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What is Social Loafing?

Social loafing is a term used by social psychologists to describe how some people contribute less when they work in a group than they would otherwise. When working in a group, some believe that their effort is not required since the other members of the group are taking care of the work at hand.

Research into social loafing has found that this effect is minimized in smaller groups, in groups where people know one another fairly well, and when people believe that they can be held individually accountable for their effort. In other words, most people work harder when they know other people will notice and care.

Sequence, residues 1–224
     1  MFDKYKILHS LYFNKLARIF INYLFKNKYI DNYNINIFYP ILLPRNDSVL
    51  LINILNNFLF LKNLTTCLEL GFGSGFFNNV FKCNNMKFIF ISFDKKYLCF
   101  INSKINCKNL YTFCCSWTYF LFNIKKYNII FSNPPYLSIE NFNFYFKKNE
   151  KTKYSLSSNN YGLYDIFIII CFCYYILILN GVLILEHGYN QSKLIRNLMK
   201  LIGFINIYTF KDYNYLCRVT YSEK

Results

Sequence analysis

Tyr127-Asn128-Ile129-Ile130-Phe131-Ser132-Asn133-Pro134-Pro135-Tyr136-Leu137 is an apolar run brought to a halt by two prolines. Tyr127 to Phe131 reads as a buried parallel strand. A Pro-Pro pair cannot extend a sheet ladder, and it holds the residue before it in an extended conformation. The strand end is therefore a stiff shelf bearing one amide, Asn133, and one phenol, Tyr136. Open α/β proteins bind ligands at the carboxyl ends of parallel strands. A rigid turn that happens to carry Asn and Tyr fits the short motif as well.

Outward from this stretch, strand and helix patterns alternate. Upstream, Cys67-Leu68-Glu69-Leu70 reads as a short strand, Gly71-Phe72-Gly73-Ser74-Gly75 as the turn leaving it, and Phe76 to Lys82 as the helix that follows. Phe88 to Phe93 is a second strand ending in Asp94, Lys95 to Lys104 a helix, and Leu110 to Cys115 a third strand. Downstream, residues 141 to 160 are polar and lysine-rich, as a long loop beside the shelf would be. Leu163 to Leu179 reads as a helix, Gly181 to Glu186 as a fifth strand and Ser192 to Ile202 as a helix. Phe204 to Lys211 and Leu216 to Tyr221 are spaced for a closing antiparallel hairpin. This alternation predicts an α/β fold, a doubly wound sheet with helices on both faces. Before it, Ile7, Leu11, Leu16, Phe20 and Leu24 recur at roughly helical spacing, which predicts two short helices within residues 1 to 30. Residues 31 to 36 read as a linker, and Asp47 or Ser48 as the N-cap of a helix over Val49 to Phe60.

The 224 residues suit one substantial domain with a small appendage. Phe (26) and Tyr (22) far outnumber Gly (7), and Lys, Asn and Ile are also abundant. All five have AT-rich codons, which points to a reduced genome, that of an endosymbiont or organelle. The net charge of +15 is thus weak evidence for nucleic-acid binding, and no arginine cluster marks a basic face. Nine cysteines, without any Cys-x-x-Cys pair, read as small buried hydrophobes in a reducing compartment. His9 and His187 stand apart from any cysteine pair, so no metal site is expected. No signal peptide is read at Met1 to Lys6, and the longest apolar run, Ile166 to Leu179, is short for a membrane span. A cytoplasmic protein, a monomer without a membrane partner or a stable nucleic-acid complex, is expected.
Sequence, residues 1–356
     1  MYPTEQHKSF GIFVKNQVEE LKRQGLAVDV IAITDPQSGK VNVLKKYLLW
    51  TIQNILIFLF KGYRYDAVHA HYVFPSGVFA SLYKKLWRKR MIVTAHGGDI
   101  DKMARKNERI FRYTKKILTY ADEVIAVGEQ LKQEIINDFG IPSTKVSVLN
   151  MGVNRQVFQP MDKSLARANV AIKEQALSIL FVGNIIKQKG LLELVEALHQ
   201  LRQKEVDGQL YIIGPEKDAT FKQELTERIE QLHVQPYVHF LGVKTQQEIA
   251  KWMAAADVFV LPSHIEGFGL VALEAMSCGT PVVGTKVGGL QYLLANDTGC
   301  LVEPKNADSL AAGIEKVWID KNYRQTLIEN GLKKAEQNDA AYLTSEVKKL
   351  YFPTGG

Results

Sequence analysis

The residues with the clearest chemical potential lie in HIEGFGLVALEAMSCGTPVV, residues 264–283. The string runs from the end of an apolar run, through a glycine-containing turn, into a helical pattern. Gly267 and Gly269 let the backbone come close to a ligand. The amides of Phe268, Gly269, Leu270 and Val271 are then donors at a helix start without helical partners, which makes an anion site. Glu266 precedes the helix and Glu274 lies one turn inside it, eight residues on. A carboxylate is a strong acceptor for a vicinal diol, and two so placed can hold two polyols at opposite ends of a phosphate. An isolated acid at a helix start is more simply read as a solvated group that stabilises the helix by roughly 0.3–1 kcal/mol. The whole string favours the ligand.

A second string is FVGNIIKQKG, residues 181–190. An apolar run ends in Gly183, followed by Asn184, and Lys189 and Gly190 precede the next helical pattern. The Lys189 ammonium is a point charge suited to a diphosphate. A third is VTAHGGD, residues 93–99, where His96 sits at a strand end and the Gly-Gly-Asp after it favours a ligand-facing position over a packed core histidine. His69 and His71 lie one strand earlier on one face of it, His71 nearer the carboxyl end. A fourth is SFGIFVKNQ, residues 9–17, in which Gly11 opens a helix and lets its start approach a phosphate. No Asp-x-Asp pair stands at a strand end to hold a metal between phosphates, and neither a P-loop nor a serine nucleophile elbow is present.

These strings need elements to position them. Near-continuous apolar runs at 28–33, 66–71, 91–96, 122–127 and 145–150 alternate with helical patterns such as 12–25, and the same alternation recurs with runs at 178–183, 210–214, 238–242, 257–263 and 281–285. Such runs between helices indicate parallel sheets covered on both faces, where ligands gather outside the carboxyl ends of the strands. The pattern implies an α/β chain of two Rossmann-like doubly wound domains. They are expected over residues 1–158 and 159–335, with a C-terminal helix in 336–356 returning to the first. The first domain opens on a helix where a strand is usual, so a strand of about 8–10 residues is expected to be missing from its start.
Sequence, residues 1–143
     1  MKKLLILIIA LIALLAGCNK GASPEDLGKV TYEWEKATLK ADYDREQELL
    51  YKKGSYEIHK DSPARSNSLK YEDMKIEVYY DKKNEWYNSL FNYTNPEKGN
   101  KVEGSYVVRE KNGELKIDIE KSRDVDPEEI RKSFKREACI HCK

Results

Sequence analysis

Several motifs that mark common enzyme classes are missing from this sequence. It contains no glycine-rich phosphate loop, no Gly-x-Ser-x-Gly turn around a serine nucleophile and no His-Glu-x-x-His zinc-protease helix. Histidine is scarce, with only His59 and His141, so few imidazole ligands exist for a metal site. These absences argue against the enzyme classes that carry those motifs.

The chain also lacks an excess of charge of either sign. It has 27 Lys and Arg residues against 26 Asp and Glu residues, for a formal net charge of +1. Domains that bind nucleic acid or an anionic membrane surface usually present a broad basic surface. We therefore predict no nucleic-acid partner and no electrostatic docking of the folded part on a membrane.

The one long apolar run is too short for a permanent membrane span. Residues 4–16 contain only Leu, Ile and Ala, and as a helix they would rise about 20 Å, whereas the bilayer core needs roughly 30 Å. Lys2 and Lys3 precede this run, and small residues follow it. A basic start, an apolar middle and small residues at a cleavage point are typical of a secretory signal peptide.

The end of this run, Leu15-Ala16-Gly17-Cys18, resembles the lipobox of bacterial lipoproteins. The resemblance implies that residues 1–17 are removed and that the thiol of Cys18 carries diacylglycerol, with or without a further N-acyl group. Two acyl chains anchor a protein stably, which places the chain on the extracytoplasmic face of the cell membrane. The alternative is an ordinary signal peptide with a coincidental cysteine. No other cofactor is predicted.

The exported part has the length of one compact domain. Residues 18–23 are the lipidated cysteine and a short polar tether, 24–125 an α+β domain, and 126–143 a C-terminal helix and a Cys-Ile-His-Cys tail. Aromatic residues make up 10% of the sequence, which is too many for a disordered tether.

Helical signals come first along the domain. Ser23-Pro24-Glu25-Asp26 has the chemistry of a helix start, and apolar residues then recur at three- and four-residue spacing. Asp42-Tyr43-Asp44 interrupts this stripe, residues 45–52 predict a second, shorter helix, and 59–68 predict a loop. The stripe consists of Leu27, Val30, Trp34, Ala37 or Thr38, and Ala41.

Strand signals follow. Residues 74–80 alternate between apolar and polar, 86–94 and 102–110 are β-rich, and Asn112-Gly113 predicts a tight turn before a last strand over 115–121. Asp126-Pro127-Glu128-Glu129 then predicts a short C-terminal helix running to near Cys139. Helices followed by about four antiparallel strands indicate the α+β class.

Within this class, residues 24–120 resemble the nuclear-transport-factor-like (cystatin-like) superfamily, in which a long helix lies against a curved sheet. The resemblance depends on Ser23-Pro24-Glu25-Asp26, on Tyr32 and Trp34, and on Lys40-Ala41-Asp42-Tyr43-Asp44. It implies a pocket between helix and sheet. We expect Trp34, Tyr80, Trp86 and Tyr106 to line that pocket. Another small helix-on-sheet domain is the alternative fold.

Social loafing can be one reason you might experience low engagement in a meeting; people may believe that their effort simply isn’t required or even valued. Keeping meetings small and structuring the meeting to invite and/or require individual effort from every participant greatly reduces social loafing, increases engagement, and happily, improves Perceived Meeting Quality.

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Related Glossary Terms
Engagement in Meetings, Perceived Meeting Quality (PMQ)

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